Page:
Greitens signs REAL ID into law, sponsoring senator left out of signing
JEFFERSON CITY, Mo. — Missouri is officially REAL ID-compliant, following the signing of HB 151 by Gov. Eric Greitens. However, an important sponsor of the legislation, Sen. Ryan Silvey, was not invited to the signing ceremony at Whiteman Air Force Base near Knob Noster, Missouri.
Whiteman is one of the military bases that would not have accepted Missouri driver licenses as a proper form of identification if the Show-Me State did not offer identification that meets the standards outlined by the Department of Homeland Security.
— Denny Hoskins, CPA (@DLHoskins) June 12, 2017
The Missouri General Assembly passed the legislation this spring, allowing Missouri to avoid the January 22 deadline.
If the state had not addressed the issue by then, Missourians would not be able to use their driver’s licenses as ID to board planes or enter federal buildings or military bases.
Opponents of the legislation argued against it, saying it would allow personal and private data to be stored in a federal database, but the legislation that advanced in Missouri during the legislative session allows citizens to choose between a REAL ID-compliant identification card, which stores that data, or a non-compliant one.
The new law also includes language to ensure that personal documents would be housed in a secure database that is not connected to the commercial internet, as well as penalties for anyone who hacks or misuses the data.
Up until the signature from the governor, Missouri was just one of four states in the U.S. that was not either compliant or in the process of becoming compliant.
Sen. Will Kraus, R–Lee’s Summit, was a staunch opponent of the bill and issued the following statement after the governor’s signing of the bill
“As a Republican, I believe in smaller government, not government-run databases, which is exactly what REAL ID creates — a database that will almost certainly result in a larger, more intrusive government,” he said. “Now that HB 151 has been signed into law, the people of Missouri must continue to be vigilant of any further federal government overreach. We must also remain steadfast in our efforts to push for the federal government to repeal the REAL ID Act. With that, I once again call on Missourians to contact our congressional delegation and urge them to move for a full repeal of the federal REAL ID Act of 2005.”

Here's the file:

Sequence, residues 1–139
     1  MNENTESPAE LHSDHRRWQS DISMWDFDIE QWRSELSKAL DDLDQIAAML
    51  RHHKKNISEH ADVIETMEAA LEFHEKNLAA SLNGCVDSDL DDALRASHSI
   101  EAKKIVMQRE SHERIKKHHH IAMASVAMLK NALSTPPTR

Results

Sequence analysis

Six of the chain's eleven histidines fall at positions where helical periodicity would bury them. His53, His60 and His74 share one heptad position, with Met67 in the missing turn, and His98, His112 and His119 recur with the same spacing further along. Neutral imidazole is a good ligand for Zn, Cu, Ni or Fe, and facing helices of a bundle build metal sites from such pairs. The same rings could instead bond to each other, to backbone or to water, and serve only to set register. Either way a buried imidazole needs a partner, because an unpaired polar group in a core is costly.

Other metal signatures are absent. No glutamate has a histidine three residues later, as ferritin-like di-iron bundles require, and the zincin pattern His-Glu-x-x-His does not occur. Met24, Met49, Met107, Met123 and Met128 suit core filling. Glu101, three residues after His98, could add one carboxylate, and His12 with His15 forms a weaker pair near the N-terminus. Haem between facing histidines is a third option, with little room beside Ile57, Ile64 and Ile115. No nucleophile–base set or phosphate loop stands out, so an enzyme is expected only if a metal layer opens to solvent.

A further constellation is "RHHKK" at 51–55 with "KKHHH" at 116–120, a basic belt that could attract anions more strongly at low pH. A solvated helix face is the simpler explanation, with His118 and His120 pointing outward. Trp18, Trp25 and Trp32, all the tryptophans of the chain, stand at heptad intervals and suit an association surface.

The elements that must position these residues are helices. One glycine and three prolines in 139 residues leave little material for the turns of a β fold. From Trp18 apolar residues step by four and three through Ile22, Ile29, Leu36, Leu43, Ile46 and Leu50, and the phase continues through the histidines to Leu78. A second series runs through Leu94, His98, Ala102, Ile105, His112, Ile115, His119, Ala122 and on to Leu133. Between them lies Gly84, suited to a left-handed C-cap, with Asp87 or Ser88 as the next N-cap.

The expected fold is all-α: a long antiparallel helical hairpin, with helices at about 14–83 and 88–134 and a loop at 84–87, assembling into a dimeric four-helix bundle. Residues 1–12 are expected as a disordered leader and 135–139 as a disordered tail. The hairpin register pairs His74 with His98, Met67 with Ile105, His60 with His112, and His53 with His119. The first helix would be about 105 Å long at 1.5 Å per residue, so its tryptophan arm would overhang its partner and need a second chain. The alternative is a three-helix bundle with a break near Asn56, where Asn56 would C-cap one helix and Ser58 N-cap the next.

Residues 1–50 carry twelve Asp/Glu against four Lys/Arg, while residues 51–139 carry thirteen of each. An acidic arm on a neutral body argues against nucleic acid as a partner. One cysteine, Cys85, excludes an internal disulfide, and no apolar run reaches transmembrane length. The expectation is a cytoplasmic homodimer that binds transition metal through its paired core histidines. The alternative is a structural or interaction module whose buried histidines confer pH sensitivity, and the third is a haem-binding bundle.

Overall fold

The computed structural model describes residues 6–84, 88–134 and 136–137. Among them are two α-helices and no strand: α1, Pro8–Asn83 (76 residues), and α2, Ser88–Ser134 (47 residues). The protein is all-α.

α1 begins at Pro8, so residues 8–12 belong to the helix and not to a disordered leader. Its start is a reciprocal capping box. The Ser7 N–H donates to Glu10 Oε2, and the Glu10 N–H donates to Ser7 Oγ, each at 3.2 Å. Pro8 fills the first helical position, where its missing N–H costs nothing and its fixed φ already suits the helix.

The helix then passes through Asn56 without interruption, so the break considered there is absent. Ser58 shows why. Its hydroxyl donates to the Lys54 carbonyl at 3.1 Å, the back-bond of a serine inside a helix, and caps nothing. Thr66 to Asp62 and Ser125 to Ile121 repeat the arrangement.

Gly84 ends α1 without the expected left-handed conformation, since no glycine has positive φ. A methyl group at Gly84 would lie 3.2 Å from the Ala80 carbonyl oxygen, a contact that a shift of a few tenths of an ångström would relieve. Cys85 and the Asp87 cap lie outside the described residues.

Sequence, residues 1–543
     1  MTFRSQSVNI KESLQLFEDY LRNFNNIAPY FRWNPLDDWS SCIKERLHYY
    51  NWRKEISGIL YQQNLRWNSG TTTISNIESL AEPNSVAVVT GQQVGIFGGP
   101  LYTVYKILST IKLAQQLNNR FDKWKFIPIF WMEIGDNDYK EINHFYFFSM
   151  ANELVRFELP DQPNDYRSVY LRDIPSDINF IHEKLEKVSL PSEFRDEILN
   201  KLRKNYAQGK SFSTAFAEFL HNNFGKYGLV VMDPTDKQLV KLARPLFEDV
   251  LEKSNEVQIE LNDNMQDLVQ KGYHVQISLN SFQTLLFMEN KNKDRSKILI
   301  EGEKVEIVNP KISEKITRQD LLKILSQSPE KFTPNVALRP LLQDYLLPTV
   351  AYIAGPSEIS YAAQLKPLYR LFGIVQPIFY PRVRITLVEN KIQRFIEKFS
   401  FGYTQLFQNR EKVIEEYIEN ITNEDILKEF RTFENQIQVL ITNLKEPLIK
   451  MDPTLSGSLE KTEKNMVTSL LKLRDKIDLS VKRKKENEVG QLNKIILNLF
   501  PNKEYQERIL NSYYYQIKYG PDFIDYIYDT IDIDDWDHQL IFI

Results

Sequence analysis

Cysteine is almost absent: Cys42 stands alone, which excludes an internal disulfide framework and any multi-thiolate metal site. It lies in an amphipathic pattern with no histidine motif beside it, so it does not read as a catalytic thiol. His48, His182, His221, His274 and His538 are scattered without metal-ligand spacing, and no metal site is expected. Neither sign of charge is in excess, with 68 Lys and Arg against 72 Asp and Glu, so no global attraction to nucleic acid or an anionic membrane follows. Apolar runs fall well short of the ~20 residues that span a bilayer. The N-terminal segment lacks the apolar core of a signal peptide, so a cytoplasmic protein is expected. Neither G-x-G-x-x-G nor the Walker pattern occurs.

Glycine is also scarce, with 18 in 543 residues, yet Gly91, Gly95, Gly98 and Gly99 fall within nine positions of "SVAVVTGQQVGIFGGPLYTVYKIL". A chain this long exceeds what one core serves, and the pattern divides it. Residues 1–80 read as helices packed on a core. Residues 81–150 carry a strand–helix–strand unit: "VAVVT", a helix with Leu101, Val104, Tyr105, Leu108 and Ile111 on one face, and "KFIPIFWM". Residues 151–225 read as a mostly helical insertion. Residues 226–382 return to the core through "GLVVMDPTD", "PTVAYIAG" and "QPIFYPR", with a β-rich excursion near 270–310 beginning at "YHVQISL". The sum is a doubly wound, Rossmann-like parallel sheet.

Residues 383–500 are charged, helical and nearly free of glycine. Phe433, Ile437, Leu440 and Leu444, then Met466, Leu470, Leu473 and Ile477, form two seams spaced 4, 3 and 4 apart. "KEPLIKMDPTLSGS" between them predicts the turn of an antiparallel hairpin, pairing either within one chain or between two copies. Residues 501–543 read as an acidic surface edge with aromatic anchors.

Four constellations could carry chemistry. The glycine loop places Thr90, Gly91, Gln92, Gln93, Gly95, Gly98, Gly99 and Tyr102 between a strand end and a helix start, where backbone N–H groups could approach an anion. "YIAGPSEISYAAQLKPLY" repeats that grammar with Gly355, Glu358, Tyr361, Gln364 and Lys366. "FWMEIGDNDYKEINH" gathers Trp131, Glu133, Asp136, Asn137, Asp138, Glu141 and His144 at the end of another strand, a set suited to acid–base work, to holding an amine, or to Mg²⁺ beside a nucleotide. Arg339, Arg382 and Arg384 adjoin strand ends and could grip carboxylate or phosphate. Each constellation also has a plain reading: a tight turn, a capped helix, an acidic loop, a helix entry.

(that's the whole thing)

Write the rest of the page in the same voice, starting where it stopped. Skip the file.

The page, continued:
Rep. Kevin Corlew, the House sponsor of the bill, was on hand for the signing of the bill, but Silvey, R-Kansas City, the senator who had been pushing for REAL ID implementation since 2009, was not. That was the year in which the state passed legislation prohibiting Missouri from complying with the federal standards.
His substitute at the time had included the provisions that allowed an individual choice for Missouri citizens. This year, the House and Senate signed off on the Senate substitute version for REAL ID, a piece of legislation penned almost exclusively by Silvey.
An invitation to the bill’s signature was not extended from the governor to Silvey, despite the tradition that the both House and Senate sponsors be on hand for signature ceremonies. In fact, Silvey was first informed about the signing ceremony by Corlew.
Silvey is not aware of any legislator that has not been invited to a ceremony for a bill that the offered, saying it was “pretty unusual.”
“The only reason would have to be personal or political one,” Silvey said Monday afternoon. “I heard about the ceremony from Rep. Corlew, who asked if I was going, which I didn’t know was even taking place. I reached out to Sen. Denny Hoskins, as it was being held in his district, and he assured me that he was.
“At that point, I let it go. We never got a phone call, never got an email, never got a voicemail, so I just decided I wasn’t welcome at that signing ceremony. But the more I thought about it, I’m just glad the bill got done, and that the law is fixed… Frankly, I’m just a part-time legislator, and he’s a full-time politician, so he needs the cameras more than I do.”
Silvey went on to compare Greitens to his predecessor, former Gov. Jay Nixon.
“Jay Nixon was at least a gentleman,” he continued. “Jay Nixon and I fought like cats and dogs for most of his eight years, but when I passed a bill that was good public policy, he would sign it. If he thought it was worthy of public attention, he would sign it in public and I would be right there behind him. I guess the difference is that, even though Gov. Nixon and I had our differences, he still understood personal relationships and was a gentleman.”
Greitens’ signing of the bill comes just hours before the Senate returned to the Capitol on Monday for a second special session at the Governor’s behest, which Silvey questions the merit of, saying he doesn’t consider the issue to be of extraordinary necessity or fiscally responsible.
As for REAL ID, the changes are expected to take up to two years to be fully implemented, but Missouri will qualify for a waiver from the federal government which should allow them to continue using their driver’s license or other current IDs until the new system is established.